It’s a balmy, beer-drinking evening in the middle of August, and the conservatives trickling in to a meeting of the Robert A. Taft Club can’t enjoy it. They’re mostly under-30 Washington professionals, and they’re fed up with the Republican Party. They think George W. Bush’s bumbling and ideological hat-trading have reduced the conservative movement to a pitiable, piddling state. If Karl Rove stepped inside, he’d come out looking like Oscar de la Hoya after a bout gone wrong.
They settle into a debate about the future of the conservative movement and the Republican Party. Panelists take turns whipping the party for its sins. “We beat them on immigration,” says Richard Viguerie, the direct-mail pioneer, “but right now, we just don’t have the strength or the resources to affect public policy the way we want to.” He beseeches the crowd to help save the movement, but that gets a muted reaction. So he steps it up: “I still think that in the short term, as many problems as we have right now, Hillary Clinton can bring conservatives back together.”
The name does the trick: soft laughter moves around the room. Keeping Hillary out of the White House is literally the only motivation some conservatives have to pull the Republican lever in 2008, especially if their party nominates a pro-choice candidate for the first time since 1976. “Just enough people might go to the polls next November nursing one conviction that trumps all others,” Terence Jeffrey wrote a few weeks after the panel (which he also appeared on). “There’s no way they would vote for Hillary Clinton.” Fred Barnes, the Weekly Standard executive editor and a sturdy weathervane for Republican popular opinion, expressed the same thing in a late-September column: “Nearly all Republicans, plus a lot of independents, rally around the need to defeat Senator Hillary Clinton and keep her away from the presidency. So it follows, not entirely logically, that they wish for her to win the Democratic nomination.”
Is this wishful thinking from a party and a movement on the ropes? Not according to pollsters. There are voters who have given up on the GOP over the last few years and utterly loathe the Clintons in general or Hillary in particular. Americans are aching to vote Democratic, and polls that test a generic Republican candidate against a generic Democrat give Clinton’s party a double-digit lead. But their enthusiasm flags when they ponder the flesh-and-blood Democratic frontrunner. Pollster Scott Rasmussen points out that at least 45 percent of Americans don’t like Clinton personally. She simply rubs them the wrong way—in every way. Despite that generic lead, she only ties or narrowly outpaces Rudy Giuliani, Fred Thompson, and John McCain.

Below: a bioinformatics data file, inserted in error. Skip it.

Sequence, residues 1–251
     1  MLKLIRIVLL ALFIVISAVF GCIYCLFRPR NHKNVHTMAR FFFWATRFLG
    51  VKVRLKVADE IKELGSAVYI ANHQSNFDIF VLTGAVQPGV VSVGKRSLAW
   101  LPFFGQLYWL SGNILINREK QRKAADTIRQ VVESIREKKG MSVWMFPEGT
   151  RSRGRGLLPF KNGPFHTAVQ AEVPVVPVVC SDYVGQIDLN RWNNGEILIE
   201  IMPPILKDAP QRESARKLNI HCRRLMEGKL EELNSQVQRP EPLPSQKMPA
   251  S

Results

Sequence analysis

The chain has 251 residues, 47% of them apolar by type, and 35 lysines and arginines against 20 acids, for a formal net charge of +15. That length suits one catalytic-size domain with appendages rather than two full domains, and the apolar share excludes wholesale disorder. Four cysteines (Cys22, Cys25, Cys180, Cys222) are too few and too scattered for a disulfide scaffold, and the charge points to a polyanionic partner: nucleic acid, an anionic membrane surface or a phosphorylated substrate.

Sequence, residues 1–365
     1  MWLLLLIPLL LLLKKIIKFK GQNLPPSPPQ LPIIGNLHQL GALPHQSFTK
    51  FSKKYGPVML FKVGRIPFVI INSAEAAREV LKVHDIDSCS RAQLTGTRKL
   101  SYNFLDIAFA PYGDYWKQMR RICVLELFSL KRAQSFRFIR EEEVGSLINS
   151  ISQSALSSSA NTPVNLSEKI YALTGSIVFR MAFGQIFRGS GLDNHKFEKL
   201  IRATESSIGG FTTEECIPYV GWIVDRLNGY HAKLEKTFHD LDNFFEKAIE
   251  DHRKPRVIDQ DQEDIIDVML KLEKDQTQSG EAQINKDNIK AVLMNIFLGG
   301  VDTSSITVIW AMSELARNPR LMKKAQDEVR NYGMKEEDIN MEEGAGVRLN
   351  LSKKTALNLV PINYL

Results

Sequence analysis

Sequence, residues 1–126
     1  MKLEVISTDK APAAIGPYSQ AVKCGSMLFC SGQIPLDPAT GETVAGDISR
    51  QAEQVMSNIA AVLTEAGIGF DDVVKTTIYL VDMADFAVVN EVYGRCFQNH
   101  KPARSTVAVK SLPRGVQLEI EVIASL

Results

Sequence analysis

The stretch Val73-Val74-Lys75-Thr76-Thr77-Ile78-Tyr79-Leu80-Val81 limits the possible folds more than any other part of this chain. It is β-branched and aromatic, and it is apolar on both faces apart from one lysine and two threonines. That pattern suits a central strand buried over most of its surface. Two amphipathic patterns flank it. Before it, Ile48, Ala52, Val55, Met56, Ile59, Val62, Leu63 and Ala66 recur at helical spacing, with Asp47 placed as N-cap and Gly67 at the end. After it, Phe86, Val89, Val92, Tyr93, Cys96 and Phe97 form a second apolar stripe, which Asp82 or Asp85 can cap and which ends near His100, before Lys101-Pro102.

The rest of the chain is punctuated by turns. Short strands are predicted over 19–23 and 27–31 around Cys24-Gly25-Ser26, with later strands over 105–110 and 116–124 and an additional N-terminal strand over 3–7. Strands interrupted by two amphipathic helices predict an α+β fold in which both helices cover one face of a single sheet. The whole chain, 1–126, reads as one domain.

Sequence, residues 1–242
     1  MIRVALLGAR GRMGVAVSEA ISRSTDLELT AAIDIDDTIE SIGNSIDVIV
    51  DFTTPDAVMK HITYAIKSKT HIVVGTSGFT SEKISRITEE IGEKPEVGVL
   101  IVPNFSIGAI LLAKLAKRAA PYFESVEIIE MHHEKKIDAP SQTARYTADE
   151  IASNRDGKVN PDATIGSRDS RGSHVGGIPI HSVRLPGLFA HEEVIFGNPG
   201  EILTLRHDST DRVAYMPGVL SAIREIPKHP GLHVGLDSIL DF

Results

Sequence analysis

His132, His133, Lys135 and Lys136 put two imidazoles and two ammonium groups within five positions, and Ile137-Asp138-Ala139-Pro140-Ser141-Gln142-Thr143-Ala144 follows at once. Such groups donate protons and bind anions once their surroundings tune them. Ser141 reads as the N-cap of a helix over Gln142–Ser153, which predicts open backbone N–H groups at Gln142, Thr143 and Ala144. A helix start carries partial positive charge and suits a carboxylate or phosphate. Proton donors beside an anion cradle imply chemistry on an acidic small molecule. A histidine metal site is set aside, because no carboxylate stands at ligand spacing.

“Of the top three Democratic candidates, she’s absolutely the weakest in the general election,” Rasmussen says. “Hillary is a unifying factor for Republicans, and Republicans aren’t otherwise unified. If Hillary is the nominee, this is a competitive race.”
But see if you can spot the problem. Conservatives are fraught, angry at their traditional party, unable to decide on a standard-bearer, unsure even what they stand for. They don’t think this is the year to sort those problems out. They’re counting on a short-cut when the Democrats nominate an unelectable cold fish who has infuriated the Right for a decade and a half. Millions remember how they felt when she belittled other wives for “staying home and baking cookies,” and Bill Clinton promised voters “two for the price of one” if they sent his family to the White House.
On the Right, the list of grievances was even longer. Both Clintons were seen as ambassadors of 1960s radicalism and cultural decadence, and Hillary was the worse of the two: a pro-choice feminist who didn’t take her husband’s name until pollsters told her it would help him make a political comeback.
Yet for all of that outrage, Republicans lost that election to the Clintons. And the hope that voters will see what they see and reject what the Clintons stand for resembles the plan Democrats clung to in 2004. They choose John Kerry on the theory he would be the least controversial general-election candidate, then counted on an electorate fed up with George W. Bush to deliver the election.
In the nearly three years since, Hillary has been the de facto Democratic candidate. The Right’s efforts to attack her have fallen completely, pathetically flat. Her popularity is low, but not much lower than Bush’s was in 2004. If the linchpin of a 2008 campaign is unifying Republicans in the cause of defeating Hillary, it might be enough to stitch together most of the conservative movement—but not enough to win.
Compare the efforts of 2007 to the efforts of 1999 and 2000. After First Lady Hillary Clinton started seeking a Senate seat, Republican donors practically sprained their wrists signing checks. Rudy Giuliani, a social liberal whom Republicans weren’t as comfortable with then as now, raised more than $20 million. When Giuliani left the race, Rep. Rick Lazio raised $4.5 million in six weeks.